BTW, two weeks ago I got to see Altan Urag, my favorite Mongolian band, live at another pub. They showed up late – they are obviously rock stars – and put on a solid, though rushed set; they played Blue Mark – their big hit, second. They really rock. It was a Top Ten night. Oh, and the Altan Urag drummer? She only started to curl her lips in a way that might resemble a smile when her 6 male groupies pounded their table in rhythm with her to their classic song RaaKH II. Otherwise, she was expressionless.

Epic Stoicism!

now to the pix:

Ashley praying to the tree gods, “please do not be rotten”

i actually do some field work

cool birch forest with pit & mound topography and soil movement, as reflected in this birch

stuck truck

we almost sawed the truck in half to free it

we were actually stuck on a 15′ log buried in the muck and deep vegetation. it had 4 fire scars, too!

old-growth Scots pine-hardwood forest in the northern Khenti Uul’s

large Nars filled the forest

old-growth with massive fire scars

Bayraa & Ashley in front of a massive fire scar

really – the image didn’t stitch nicely, but you can see the scar is ~ 20′ tall!

see, i do do some fieldwork

twin fire scared trees – how tall are the scars, you ask?

tall – Ashley is 5’10”?

hi-ho, hi-ho, it’s off to the birch forest we go

the larger, older?, birch trees have mesmerizing bark

see! this ain’t 1/2 of it, either

the forest had some fine poplars, like aspen. word is that this might be a new species, genetic analysis pending.

speaking of new species, we were introduced to the Mongolian cherry tree – was tart’ish, but delish [the teeth of Sanaa’s nephew and nieces were temporarily stained b/c they were eating so much of it]

the equinox hadn’t started yet, but autumn has arrived

even the children are stoic in front of the camera – i tried so hard to get them to smile. they did not budge.

big brother was thrilled to bring his sister to her first day of school. he was up two hours early to take care of her [their father is in the Gobi working for a mining company, gone 2-3 months at a time, while their mother took a cab, car and then train to China for a 4 day trip to buy supplies for their store. 3 of the 4 days is travel]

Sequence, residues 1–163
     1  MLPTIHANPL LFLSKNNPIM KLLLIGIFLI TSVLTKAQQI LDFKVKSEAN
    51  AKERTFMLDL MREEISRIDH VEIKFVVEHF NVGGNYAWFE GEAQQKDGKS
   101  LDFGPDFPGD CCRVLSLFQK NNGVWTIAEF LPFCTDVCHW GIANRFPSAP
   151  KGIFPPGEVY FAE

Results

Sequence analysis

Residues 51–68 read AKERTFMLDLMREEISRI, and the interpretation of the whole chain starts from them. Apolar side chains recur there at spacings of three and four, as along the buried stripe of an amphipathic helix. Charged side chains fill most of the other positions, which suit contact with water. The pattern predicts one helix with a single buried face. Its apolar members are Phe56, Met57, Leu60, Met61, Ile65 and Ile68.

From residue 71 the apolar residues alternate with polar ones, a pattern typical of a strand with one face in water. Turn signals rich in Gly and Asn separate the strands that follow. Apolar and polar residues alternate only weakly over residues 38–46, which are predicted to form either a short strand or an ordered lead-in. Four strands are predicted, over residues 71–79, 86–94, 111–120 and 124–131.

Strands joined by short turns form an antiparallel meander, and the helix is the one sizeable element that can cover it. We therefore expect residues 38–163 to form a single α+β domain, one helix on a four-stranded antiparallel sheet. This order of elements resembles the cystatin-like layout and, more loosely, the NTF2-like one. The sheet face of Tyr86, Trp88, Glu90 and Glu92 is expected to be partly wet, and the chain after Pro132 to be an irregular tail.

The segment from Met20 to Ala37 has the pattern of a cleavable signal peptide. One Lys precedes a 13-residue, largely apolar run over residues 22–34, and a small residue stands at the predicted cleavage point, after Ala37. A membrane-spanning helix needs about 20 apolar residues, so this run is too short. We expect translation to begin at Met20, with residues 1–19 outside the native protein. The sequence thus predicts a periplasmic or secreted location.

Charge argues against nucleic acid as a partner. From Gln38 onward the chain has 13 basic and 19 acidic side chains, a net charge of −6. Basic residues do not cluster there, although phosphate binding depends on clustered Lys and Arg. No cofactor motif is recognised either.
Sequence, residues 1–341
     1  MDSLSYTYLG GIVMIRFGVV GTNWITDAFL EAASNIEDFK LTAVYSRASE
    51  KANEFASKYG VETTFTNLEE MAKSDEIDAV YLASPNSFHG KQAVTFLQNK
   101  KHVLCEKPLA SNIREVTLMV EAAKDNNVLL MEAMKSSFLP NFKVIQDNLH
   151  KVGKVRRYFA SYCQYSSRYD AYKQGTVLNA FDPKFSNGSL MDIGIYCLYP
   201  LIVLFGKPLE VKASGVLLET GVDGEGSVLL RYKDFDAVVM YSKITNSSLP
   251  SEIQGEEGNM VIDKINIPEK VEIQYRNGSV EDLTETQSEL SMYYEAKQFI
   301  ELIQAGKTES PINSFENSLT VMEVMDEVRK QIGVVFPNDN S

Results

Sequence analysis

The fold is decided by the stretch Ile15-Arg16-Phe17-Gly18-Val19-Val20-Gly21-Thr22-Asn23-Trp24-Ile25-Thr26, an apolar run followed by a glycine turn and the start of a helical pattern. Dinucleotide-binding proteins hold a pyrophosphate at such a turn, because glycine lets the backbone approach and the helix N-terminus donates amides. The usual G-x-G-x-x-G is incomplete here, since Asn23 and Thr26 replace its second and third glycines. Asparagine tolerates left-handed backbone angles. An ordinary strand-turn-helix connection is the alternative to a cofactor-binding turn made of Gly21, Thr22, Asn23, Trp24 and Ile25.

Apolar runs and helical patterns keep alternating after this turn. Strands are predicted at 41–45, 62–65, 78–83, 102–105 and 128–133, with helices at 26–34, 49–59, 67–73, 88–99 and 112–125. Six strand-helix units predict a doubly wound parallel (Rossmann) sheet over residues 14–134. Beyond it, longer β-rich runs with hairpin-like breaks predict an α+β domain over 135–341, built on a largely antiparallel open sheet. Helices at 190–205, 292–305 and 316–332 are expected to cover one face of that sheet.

preparations for winter were underway

the re-ignition of the ag industry in Mongolia has been amazing. the Soviets nearly killed this industry. in the last fire yrs, Mongolian farmers have been rising from the ashes. this field last yr was tiny. in fact, all the fields we saw this yr were 2-3X larger VS last yr. the timing couldn’t be better. with the Russian wheat crop at least 1/3 less this yr due to reduced rainfall and high temperatures and their decision to stop export, Mongolia would be between a rock (China) and hard place (Russia) without this emerging industry. kudos to the Mongolian leaders in spurring this third movement of agriculture.

from the other side of the valley, these trees appeared to be mirages

Asia news media has their anchors pretend to use computers while broadcasting [this happening in the US, too?]. but, this is some product placement – “this news brought to you by Sain (Good) Computers”. now the weather brought to you by Mountain Dew.

we are off to the ancient, sacred Orkhon Valley for our last leg of field work.

the touristas are coming! the touristas are coming!!

in the last week downtown UB, location of our apartment – just off of Times Square, aka the State Department Store,  has become decidedly Europeanly tinted. the latest batch of touristas have arrived.

westerners show up around Naadam, the 4th of July & Olympics all rolled into one, in mid-July. tourism peaks then, then again in mid-August, it seems.